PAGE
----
With only hours to go before America is forced to default on its loans, President Obama took to Twitter to try and get everyone to compromise. He put out well over a hundred tweets in the course of a few hours, all with a common theme:
Although each of these tweets were useful to a large number of people, all of them together were useful to absolutely nobody — and it showed. Within minutes of beginning this tweet barrage, people began unfollowing @BarackObama en masse:
The over 30,000 net lost followers is taken after counting the 20,000 followers that Obama would normally expect to gain on a Friday — that’s over 50,000 lost followers for Obama, and the first time in a very long time that he’s had a net loss over an entire day. To put thing in perspective, though, these 50,000 followers represent only 0.53% of his total follower base, so it’s not exactly time for a re-election just yet!
Adrian at TwitSprout
As we promised, there’s now a post-mortem page on our Obama Dashboard. The full analysis was in our last blog post, but the infographic breaks it down and provides many more details — plus we just think it’s a lot of fun! Take a look at the link above, or just feast your eyes below:
Thanks again for all the support — it’s been quite a ride!
Adrian at TwitSprout
Without a doubt, today has been an incredibly exciting day for TwitSprout. What began with our Obama Dashboard announcement this morning has evolved into a whirlwind of activity, tweets, and blog posts. We are, of course, incredibly grateful to all of our partners, users, and fans for their help and encouragement; it’s been a thrill.
With that said, our work here is not yet done. In our last entry, we made some predictions, and now it’s time to see how we (and the White House) performed!
What did everyone get right? We feel we matched the major categories of things Obama focused on — tax cuts, the debt ceiling, and job creation — but that wasn’t very difficult to do. More specifically, we nailed the third tweet Obama answered:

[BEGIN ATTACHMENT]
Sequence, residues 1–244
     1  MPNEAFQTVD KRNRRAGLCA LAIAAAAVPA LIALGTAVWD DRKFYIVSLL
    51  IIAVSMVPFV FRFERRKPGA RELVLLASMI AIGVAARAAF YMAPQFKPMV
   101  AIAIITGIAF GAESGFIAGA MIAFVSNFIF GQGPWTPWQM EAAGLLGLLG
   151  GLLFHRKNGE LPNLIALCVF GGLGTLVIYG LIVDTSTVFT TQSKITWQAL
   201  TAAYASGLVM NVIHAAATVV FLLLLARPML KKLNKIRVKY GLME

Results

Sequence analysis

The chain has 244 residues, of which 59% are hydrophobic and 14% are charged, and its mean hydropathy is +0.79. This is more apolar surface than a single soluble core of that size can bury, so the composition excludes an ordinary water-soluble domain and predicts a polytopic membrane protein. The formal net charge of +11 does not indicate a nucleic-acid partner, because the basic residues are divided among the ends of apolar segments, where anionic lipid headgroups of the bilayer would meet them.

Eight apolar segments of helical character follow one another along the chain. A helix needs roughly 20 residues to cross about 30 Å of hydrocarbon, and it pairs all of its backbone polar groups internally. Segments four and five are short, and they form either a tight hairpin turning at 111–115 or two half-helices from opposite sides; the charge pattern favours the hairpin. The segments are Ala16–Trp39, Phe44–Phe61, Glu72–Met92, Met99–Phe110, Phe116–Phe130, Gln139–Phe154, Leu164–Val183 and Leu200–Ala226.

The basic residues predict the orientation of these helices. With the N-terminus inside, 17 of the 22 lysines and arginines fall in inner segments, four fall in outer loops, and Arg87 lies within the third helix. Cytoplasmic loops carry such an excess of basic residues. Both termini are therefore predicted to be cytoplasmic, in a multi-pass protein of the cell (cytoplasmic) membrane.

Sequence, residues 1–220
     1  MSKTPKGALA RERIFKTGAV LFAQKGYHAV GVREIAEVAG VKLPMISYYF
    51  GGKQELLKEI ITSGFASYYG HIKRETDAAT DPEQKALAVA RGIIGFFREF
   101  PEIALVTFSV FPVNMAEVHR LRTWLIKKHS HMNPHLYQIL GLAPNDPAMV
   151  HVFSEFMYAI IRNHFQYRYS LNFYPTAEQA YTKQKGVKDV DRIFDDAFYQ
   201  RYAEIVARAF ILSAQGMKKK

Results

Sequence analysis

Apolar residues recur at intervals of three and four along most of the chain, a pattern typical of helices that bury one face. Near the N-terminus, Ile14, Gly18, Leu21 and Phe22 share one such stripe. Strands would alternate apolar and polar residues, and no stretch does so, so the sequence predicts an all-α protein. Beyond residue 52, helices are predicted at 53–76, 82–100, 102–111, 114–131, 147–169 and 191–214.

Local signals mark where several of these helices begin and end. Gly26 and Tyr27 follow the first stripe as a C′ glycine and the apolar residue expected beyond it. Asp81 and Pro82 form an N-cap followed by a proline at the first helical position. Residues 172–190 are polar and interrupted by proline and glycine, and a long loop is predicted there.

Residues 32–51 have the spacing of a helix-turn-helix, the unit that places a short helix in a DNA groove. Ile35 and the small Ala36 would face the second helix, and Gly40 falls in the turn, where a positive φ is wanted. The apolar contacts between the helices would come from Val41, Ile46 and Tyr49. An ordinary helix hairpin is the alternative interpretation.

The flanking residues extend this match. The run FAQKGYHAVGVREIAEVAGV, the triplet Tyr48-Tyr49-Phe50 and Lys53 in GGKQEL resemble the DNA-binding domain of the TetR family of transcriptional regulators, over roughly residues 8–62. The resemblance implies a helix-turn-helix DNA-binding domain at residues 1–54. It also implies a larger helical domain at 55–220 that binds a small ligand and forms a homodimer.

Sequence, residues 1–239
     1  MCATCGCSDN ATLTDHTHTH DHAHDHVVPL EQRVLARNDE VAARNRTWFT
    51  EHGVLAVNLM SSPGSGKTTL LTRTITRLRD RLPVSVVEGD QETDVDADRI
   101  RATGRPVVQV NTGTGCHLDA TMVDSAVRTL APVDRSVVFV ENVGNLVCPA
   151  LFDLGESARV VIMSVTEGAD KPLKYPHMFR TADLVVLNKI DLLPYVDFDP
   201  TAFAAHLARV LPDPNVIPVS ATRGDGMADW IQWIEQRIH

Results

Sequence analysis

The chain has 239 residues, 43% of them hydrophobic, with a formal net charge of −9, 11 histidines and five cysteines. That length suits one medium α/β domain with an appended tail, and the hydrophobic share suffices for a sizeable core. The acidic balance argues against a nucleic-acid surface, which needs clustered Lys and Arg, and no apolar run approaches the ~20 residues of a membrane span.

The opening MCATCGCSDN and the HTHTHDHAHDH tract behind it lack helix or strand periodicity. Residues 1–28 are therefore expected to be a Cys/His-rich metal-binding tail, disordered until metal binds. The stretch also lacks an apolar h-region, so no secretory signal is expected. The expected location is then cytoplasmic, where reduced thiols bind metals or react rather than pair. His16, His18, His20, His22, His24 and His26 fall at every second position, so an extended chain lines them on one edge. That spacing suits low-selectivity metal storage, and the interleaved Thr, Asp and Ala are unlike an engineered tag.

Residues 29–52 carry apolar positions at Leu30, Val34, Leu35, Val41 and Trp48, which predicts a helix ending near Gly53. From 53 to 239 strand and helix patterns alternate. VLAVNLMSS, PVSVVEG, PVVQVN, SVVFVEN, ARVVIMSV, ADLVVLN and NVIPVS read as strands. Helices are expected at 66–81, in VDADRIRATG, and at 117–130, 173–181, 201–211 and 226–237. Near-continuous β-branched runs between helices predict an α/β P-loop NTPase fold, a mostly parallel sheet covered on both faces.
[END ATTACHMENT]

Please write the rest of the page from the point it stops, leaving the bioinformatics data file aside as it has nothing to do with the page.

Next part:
Tech and knowledge industries are thriving, yet jobs discussion always centers on manufacturing. Why not be realistic about jobs?
This one was right on our dashboard, and we had singled it out because @Kim, a very high-Klout user, was one of the many who put their weight behind it. The White House chose the earliest version of the tweet, by @dmscott (with slightly lower Klout), but the logic is clear — this tweet was chosen for the high-level support it received.
Another one we expected, but for a completely different reason, was Obama’s 8th:
Mr. President, In several states we have seen people lose their collective bargaining rights. Do you have a plan to rectify this?
According to our calculations, at the time of the Town Hall, this tweet had been mentioned, retweeted, or RT’ed over 182 times — making it the 4th-most active tweet in the Jobs category, and 14th overall. This is high enough to be on our list of likely predictions, although not high enough to earn one of the few spots on the Dashboard itself. Even though the tweeter, @pmglynn, is not very influential (with only around 100 followers), the question itself generated a lot of discussion and interest. It was an excellent candidate, and both TwitSprout and Obama appear to think so.
We definitely stand by all the predictions we made — there was solid reasoning behind each of them, and we’re confident they would have made excellent questions; however, there are a couple of predictions we didn’t make that, in hindsight, probably would have made sense.
The most obvious omission is @johnboehner's provocative tweet:
After embarking on a record spending binge that’s left us deeper in debt, where are the jobs?
At the time of the Town Hall, this question had been propagated 79 times: a nontrivial amount, but only enough to place it in 10th place in the Jobs category, and much lower overall. There are two things that should have tipped us off about it, however:
- Even though @johnboehner’s Klout is only 69, his influence on President Obama is considerably higher. His position as Speaker of the House undoubtedly played a role in Mass Relevance’s decision. Of course, there’s no automated tools that would detect this. We simply should have thought of it.
- Even though the full form of the tweet had only 79 propagations, the snappier version “Where are the jobs?" by itself had 341 of them — enough to place it in 2nd place in the Jobs category, and 6th place overall, which would certainly have gotten our attention — except that this tweet didn’t make sense to us, since we didn’t see it in context with Boehner’s tweet (they were far apart in our rankings). Of course, we had algorithms to detect subtle rewordings between tweets, but these two didn’t trigger them.